WHAT MIGHT WE LEARN FROM ZOOLOGY? COLIN MARTIN REVIEWS ZOOMORPHIC: NEW ANIMAL ARCHITECTURE, WHICH PROPOSES THAT ANIMAL FORMS AND COMPUTER SOFTWARE TOGETHER OFFER NEW FORMS AND OPPORTUNITIES.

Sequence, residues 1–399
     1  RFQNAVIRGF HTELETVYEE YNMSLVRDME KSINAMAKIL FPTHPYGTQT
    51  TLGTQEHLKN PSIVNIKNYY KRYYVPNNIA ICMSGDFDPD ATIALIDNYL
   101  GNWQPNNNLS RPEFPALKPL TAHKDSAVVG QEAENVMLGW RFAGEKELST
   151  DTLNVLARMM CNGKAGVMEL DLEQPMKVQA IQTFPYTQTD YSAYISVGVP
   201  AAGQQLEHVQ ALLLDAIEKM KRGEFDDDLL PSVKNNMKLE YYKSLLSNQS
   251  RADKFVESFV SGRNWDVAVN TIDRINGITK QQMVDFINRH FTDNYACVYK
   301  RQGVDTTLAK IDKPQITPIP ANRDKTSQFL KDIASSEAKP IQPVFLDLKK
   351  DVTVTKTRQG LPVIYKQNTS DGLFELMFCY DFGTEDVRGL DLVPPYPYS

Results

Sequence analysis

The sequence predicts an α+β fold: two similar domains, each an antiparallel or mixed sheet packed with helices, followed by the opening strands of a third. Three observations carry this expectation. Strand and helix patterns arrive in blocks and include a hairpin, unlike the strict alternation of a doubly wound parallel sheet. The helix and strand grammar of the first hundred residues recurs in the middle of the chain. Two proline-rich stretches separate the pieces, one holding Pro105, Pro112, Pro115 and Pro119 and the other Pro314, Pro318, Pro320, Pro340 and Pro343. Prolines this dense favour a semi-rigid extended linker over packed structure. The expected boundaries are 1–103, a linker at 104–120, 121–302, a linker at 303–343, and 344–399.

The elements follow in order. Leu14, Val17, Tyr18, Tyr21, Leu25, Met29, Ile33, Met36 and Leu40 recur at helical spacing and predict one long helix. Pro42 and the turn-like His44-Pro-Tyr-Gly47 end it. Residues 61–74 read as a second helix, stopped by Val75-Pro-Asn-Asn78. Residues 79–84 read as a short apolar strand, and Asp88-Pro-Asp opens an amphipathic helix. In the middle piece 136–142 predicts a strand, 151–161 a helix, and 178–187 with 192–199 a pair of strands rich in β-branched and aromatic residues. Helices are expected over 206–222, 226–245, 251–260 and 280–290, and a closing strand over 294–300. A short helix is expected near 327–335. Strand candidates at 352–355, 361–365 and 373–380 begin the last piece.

ZOOMORPHIC, AN EXHIBITION at London’s Victoria and Albert Museum, is described by its curator Hugh Aldersey-Williams as “the collision between architecture and biology”. Presenting international examples of how animal morphology has influenced recent architectural forms, Aldersey-Williams argues that contemporary architects are turning to the animal kingdom for inspiration, making use of novel computer software and new materials to design and build more freely. Although he shows examples of buildings based on all major divisions of the animal kingdom, merely identifying such structural similarities doesn’t quite deliver the promise in the exhibition’s premise. His accompanying book is more satisfactory in this regard, enabling us to see the herd rather than the elephants. He argues that writer Philip Steadman’s 1979 assertion that buildings “…are inert physical objects and not organisms; and the relevance of biological ideas to their study can only in the end remain of an analogical and metaphorical nature”, is no longer valid. Aldersey-Williams cites instances of architects who have learnt from animal function as well as being inspired by their forms, and they come across as the more highly evolved practitioners. Foster and Partners’ design for the new, London headquarters of Swiss Re (1997–2004) is one building that fits the bill. Its shape, structure and ventilation scheme are paralleled in the class of sea creatures known as glass sponges (Porifera), which have elongated exoskeletons. They filter nutrients from the water that they suck in at their base before expelling it from a hole at the top. Described by Foster as London’s “first environmentally progressive tall building”, the 40-storey tower has six lightwells or atria spiralling upwards through it, using natural ventilation to circulate air and reduce the building’s dependence on airconditioning, in a similar manner to the feeding mechanism of sea sponges. It functions like the animal whose form it copies.